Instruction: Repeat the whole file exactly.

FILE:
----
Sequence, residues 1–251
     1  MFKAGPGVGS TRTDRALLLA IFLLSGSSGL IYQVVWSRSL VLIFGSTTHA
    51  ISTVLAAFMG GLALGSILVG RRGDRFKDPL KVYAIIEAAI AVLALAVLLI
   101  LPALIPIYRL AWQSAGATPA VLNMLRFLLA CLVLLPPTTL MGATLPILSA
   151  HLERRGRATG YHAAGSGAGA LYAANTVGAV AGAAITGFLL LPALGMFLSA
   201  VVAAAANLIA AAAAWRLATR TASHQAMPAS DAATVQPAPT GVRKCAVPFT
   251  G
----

Sequence, residues 1–251
     1  MFKAGPGVGS TRTDRALLLA IFLLSGSSGL IYQVVWSRSL VLIFGSTTHA
    51  ISTVLAAFMG GLALGSILVG RRGDRFKDPL KVYAIIEAAI AVLALAVLLI
   101  LPALIPIYRL AWQSAGATPA VLNMLRFLLA CLVLLPPTTL MGATLPILSA
   151  HLERRGRATG YHAAGSGAGA LYAANTVGAV AGAAITGFLL LPALGMFLSA
   201  VVAAAANLIA AAAAWRLATR TASHQAMPAS DAATVQPAPT GVRKCAVPFT
   251  G